The real time Web is changing the way we gather and disseminate all of our digital information, thus creating new opportunities for online businesses in every sector. Retailers can offer deals on items that consumers want right now; marketers can actively participate in real-time discussions about their products, and companies can increase their brand’s awareness in a fraction of the time it took just a couple of years ago. But with all of the new doors it opens, the real time Web is also a vast and uncharted space that you will need to know your way around before you can make it work most effectively for your business.
What is the Real time Web?
In simple terms, it is a rapidly growing part of the Internet in which users can access the most timely, relevant content at any particular moment, on any particular topic, the second it is published anywhere on the Web. To see how others
are reacting to events as they happen or responding to various points of discussion, and to actively engage in those conversations themselves, has proven to be an immensely popular method of following current events and tracking the latest trends. Twitter and Facebook are the best examples that illustrate the massive social appeal of weighing in on a topic or expressing an opinion of something when the experience is freshest in our minds.
The topic could be anything from what you ate at a local restaurant five minutes ago to the immediate reaction to NBA mega-star LeBron James’ free-agency decision. The so called social relevance of the topic will be determined by the type of engagement it generates from other users, and, in many cases, by whom. An impromptu review of a local restaurant by an average consumer won’t demand the same attention as an NBA player’s reaction to LeBron James’ decision, but it could be an invaluable marketing opportunity for — or require immediate damage control from — the owner of said restaurant.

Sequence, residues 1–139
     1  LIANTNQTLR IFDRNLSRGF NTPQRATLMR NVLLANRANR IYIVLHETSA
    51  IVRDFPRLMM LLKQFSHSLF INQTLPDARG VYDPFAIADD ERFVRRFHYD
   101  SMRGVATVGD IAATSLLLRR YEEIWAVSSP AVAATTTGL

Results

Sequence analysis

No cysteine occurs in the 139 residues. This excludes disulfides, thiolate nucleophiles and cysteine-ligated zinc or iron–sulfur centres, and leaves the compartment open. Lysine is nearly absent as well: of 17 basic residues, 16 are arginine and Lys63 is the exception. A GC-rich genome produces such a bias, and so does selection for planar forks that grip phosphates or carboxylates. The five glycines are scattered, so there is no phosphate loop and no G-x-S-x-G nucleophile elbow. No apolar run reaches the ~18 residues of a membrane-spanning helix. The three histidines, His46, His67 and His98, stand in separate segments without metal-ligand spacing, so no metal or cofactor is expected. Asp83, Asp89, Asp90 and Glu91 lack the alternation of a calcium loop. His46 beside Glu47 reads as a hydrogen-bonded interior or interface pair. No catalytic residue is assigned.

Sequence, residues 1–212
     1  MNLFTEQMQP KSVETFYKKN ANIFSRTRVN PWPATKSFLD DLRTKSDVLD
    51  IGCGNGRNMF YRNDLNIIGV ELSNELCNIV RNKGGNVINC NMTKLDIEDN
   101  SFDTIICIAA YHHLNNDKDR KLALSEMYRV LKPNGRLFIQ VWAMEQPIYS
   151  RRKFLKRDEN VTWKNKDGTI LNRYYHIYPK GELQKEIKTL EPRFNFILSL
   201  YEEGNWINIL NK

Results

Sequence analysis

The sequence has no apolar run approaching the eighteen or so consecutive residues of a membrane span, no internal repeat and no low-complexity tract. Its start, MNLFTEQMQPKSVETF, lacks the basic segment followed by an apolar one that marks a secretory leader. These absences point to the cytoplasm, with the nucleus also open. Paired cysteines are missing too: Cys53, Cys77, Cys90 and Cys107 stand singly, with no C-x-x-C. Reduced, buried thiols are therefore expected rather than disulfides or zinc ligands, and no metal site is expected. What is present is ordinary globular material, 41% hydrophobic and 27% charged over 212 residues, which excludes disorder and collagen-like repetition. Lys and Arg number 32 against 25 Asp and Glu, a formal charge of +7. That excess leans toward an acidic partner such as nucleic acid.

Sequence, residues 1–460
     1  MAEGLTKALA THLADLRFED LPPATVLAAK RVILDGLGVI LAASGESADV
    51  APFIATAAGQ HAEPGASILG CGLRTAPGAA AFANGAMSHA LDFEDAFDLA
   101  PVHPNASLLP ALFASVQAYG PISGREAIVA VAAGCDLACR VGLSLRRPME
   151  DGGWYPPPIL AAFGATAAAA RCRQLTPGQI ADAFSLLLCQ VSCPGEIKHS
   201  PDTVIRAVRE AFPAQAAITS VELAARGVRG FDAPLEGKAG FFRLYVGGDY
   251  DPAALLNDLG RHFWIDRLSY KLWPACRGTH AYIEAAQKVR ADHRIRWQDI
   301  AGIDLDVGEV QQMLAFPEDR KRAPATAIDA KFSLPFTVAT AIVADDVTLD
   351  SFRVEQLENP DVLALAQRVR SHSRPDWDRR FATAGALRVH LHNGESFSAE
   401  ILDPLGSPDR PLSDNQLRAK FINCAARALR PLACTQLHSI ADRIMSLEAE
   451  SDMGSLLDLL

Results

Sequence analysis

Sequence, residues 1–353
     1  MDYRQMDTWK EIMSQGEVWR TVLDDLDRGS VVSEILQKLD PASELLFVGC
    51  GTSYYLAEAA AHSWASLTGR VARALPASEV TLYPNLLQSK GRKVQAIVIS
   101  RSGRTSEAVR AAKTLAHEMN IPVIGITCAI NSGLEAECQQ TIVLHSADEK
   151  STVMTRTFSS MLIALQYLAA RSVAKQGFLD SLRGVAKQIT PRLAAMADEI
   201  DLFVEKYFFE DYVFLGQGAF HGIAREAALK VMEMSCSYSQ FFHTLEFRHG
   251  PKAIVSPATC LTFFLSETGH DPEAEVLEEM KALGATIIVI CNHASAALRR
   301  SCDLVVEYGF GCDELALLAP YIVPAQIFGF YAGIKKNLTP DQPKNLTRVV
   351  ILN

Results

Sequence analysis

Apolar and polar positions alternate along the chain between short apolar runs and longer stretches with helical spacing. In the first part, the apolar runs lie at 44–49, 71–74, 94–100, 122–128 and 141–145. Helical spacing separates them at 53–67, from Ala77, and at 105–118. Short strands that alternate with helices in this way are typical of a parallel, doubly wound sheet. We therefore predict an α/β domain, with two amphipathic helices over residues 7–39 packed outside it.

“Whatever niche you are in, the data on the real time Web is powerful data,” says Evan Britton, founder of Sency.com, a real-time search engine. “If you are McDonald’s and you see a Burger King commercial on the Super Bowl broadcast on TV, you can follow what people are saying about that Burger King commercial in real time. And it trickles down to small business as well. You can monitor conversations in your niche and tweet about that — which will lead to streams of new traffic to your site. The ability to market new products in real time and to conduct free market research can be huge advantages for any business.”
The LeBron Effect
A few years ago, Internet users who wanted the latest information on a breaking news story like James’ free-agency decision would run a Google search and filter through a handful of developing stories from sportswriters (and old stories, too.) Today a user can run the same search on Google — or go directly to Twitter or to another real time search engine — and find 10 times the information that brings them up to the very last second of the story’s development in a fraction of the time.
In addition to links to the latest news stories, commentaries and videos surrounding the decision, users could find abbreviated updates and reactions tweeted out in real time from sportswriters, other players in the NBA, team owners